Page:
Learning second languages are difficult for many dyslexic students; foreign language waivers or substitutions are common, but in spite of this, many can learn other languages and even multiple languages if the goal is conversation. Writing and spelling second and third language can be more difficult, but also possible for many people. Students may be more successful if they able to study over a longer time and if they have learned more about the structure of language in their native tongue. In the video below, listen to 4 Hour Work Week guru Tim Ferriss (yes, he’s dyslexic) talk about how he learned to be able to converse in many foreign languages.     The type of learning described, won’t necessarily make you a master of […]

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How an SLP Helped a Dyslexic College Student Fulfill Her Foreign Language Requirement [Premium]

How an SLP Helped a Dyslexic College Student Fulfill Her Foreign Language Requirement [Premium]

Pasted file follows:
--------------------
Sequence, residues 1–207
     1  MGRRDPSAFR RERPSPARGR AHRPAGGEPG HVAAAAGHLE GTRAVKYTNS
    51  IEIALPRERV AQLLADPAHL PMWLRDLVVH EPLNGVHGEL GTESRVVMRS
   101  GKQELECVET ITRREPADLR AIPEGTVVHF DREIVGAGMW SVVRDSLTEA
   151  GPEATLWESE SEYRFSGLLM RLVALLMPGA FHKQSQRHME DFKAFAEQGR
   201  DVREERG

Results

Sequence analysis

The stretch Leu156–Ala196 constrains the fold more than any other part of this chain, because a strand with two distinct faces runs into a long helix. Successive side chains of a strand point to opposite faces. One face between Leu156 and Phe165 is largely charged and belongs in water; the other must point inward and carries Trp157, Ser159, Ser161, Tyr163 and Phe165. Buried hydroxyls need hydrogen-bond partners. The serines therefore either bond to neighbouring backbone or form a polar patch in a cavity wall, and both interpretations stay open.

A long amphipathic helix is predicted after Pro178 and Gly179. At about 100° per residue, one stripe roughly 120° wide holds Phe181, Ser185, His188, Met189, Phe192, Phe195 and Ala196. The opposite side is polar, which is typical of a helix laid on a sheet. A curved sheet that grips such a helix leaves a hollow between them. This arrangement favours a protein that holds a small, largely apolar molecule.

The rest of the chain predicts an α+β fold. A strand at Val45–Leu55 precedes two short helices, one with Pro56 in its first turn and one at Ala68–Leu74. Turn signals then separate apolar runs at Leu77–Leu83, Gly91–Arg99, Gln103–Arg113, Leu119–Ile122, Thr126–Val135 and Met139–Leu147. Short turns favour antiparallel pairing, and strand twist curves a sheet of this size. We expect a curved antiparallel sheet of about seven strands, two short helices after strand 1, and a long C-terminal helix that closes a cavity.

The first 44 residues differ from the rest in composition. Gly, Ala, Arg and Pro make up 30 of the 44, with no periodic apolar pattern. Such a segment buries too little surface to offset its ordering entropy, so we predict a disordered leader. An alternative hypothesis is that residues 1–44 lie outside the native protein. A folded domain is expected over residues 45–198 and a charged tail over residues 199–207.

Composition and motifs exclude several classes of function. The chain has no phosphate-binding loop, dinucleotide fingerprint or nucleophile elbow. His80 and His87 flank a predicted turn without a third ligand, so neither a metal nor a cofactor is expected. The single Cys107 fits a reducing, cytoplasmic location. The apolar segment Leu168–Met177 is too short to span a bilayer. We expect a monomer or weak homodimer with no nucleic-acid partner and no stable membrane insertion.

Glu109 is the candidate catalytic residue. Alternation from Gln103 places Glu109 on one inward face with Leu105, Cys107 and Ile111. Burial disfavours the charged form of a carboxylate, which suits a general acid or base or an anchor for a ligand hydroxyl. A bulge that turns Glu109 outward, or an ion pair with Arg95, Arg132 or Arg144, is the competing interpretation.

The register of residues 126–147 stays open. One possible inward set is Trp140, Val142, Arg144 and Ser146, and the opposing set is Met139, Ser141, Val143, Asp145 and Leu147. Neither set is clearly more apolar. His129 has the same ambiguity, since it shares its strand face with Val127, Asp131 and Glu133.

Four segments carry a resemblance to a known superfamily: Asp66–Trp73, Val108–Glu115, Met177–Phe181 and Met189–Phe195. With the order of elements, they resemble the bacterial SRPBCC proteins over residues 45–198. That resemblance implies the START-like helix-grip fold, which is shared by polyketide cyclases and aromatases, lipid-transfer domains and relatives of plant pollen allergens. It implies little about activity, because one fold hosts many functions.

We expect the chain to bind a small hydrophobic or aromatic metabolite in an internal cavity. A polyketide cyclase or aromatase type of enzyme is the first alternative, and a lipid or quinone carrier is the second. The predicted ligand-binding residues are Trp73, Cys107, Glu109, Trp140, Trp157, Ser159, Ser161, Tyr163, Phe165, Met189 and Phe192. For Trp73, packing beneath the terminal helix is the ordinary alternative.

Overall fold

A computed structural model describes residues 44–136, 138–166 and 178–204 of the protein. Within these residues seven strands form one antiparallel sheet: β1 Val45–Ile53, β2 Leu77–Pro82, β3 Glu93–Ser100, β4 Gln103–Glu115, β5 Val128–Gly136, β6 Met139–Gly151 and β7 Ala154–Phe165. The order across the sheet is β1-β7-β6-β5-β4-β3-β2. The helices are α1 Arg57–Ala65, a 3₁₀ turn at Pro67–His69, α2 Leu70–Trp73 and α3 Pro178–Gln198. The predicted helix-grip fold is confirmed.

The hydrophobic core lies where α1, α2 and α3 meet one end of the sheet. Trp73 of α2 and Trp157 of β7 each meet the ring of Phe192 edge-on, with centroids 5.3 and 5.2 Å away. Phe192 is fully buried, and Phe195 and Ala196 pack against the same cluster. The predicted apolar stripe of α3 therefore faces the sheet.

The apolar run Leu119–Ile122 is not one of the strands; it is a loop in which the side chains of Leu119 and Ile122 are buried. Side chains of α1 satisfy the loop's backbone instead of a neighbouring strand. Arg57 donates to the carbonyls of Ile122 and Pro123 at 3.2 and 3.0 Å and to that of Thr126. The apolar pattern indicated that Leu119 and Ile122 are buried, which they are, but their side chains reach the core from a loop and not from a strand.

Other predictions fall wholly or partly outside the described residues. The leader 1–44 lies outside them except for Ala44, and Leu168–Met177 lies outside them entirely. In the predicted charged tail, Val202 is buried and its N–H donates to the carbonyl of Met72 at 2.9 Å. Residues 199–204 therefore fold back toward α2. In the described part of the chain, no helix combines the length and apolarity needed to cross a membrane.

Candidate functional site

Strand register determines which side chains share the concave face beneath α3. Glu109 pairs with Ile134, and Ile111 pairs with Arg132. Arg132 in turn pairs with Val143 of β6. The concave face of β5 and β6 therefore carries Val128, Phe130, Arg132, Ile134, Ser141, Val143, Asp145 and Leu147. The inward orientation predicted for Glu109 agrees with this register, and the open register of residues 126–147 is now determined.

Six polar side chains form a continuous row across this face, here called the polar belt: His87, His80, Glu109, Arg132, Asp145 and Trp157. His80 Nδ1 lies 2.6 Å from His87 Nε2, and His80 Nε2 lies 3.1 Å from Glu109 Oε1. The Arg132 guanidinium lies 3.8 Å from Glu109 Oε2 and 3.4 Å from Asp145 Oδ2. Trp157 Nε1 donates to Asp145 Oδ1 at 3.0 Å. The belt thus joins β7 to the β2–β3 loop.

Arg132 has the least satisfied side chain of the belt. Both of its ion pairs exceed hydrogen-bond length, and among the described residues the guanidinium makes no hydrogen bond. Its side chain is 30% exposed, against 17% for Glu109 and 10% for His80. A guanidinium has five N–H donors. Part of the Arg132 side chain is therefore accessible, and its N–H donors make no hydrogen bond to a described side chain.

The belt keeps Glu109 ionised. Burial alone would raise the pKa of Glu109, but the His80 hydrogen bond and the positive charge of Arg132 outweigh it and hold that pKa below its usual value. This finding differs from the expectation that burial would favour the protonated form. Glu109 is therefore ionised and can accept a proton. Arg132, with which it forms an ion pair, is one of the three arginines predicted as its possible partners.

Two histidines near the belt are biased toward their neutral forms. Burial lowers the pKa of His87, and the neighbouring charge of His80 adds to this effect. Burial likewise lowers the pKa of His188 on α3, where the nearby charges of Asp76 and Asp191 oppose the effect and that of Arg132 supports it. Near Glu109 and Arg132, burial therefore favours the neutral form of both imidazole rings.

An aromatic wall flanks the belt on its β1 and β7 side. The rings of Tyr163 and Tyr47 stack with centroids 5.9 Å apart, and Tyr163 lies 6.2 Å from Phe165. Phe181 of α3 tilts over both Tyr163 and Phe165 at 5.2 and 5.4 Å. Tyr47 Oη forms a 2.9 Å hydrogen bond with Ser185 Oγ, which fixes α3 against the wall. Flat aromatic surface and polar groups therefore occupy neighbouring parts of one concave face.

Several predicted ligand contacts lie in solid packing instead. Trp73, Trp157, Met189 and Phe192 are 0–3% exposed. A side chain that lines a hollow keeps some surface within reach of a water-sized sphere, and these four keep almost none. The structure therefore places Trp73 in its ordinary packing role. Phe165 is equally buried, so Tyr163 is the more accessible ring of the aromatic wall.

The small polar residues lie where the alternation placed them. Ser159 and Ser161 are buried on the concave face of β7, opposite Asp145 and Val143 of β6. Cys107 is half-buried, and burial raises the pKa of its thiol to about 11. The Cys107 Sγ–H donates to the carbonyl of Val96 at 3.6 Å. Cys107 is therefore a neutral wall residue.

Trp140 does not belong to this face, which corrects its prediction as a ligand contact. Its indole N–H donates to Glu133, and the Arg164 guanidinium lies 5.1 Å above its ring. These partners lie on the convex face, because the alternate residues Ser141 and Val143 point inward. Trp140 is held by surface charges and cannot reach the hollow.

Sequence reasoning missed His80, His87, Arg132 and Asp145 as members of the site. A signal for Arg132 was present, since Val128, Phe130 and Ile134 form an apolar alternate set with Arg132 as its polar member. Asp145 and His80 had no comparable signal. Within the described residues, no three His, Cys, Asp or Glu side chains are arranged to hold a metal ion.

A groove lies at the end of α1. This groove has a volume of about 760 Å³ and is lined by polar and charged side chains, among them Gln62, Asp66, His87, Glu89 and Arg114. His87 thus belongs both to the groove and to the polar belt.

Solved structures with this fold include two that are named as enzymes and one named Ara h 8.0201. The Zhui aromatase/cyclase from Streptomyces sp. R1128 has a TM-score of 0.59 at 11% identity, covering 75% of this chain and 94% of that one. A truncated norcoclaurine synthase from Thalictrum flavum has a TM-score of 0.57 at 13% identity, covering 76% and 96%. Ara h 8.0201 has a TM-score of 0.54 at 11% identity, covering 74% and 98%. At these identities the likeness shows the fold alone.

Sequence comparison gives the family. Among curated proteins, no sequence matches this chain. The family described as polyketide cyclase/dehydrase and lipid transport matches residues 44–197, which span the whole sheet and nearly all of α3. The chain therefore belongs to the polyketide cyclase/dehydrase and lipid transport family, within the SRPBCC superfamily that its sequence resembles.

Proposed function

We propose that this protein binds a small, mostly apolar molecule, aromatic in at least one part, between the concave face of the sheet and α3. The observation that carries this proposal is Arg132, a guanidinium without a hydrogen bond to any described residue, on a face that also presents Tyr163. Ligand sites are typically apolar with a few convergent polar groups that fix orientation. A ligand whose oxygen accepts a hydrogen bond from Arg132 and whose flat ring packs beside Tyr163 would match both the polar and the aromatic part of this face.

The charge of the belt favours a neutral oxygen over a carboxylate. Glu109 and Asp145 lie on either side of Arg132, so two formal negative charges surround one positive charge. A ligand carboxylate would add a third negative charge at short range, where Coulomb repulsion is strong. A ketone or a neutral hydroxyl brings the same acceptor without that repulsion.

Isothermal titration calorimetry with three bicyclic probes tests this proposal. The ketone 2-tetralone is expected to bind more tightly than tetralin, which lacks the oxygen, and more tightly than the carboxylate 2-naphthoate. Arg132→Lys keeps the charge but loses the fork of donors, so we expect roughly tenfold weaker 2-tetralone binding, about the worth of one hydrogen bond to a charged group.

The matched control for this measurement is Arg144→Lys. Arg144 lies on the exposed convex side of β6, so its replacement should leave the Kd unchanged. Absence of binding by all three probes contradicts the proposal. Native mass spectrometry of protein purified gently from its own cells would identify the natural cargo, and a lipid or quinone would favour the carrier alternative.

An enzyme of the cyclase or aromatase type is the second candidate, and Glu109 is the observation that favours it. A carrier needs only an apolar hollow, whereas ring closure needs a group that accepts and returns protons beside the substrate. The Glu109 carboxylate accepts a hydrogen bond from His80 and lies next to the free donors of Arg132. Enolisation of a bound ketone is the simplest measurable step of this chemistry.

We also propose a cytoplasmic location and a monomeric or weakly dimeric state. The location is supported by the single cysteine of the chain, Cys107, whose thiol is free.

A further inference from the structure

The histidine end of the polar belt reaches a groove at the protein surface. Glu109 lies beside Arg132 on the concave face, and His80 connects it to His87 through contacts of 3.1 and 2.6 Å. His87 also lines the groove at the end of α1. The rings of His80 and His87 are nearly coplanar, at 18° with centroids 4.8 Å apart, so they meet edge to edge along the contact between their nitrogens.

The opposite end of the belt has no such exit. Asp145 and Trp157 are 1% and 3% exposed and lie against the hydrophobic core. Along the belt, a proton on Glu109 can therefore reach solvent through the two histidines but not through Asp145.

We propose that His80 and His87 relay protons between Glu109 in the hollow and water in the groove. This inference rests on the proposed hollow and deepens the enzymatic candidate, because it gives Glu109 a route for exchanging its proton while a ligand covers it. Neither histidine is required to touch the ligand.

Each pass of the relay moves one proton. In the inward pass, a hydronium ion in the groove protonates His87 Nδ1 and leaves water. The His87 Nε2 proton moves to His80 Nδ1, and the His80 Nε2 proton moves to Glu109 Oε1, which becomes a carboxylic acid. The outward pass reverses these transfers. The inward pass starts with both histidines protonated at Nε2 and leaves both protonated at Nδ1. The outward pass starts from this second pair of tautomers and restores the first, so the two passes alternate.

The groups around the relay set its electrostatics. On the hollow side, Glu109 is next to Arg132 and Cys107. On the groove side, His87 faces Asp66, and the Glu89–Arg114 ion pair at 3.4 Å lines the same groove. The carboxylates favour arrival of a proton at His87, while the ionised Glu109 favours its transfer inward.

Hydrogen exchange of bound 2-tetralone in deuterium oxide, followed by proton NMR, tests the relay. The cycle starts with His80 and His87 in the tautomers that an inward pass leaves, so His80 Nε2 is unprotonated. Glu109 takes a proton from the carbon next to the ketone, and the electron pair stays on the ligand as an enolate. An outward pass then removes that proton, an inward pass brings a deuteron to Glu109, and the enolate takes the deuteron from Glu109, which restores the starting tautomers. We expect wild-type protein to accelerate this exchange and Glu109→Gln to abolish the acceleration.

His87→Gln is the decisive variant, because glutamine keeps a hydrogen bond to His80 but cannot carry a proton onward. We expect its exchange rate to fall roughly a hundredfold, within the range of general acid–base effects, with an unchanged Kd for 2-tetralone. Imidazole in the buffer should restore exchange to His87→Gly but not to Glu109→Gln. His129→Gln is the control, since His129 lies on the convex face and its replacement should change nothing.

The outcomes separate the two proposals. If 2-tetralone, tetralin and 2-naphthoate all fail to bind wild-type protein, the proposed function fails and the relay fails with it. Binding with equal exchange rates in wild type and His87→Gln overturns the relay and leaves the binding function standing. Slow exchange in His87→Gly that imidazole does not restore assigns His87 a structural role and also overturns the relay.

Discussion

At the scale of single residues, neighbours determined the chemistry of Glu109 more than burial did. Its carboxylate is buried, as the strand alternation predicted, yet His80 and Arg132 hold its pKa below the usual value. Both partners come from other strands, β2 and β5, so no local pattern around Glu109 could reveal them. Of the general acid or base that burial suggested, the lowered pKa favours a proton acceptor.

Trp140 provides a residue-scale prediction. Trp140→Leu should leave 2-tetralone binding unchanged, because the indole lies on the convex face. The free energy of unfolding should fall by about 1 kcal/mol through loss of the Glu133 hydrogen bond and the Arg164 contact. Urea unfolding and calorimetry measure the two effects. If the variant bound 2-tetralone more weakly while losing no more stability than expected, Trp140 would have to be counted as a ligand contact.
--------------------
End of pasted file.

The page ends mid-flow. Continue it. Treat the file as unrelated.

“Kay’s German language instructor referred her for a reading disabilities evaluation because of numerous difficulties that Kay experienced in spite of her high level of motivation to succeed…” – The Role of the SLP in Assisting College Students with Dyslexia in Fulfilling Foreign Language Requirements: A Case Study For many dyslexic students in higher education, unforeseen roadblocks like having to pass two semesters of a foreign language can cause costly delays in the awarding of their degrees. While some institutions grant waivers, others do not, and universities and colleges vary widely regarding their disability support. From the case report of what seems to be a gifted dyslexic student at the University of Florida, there are several helpful practices that I thought would be helpful to […]

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[PREMIUM] Tips for Listening in Foreign Language Classrooms

[PREMIUM] Tips for Listening in Foreign Language Classrooms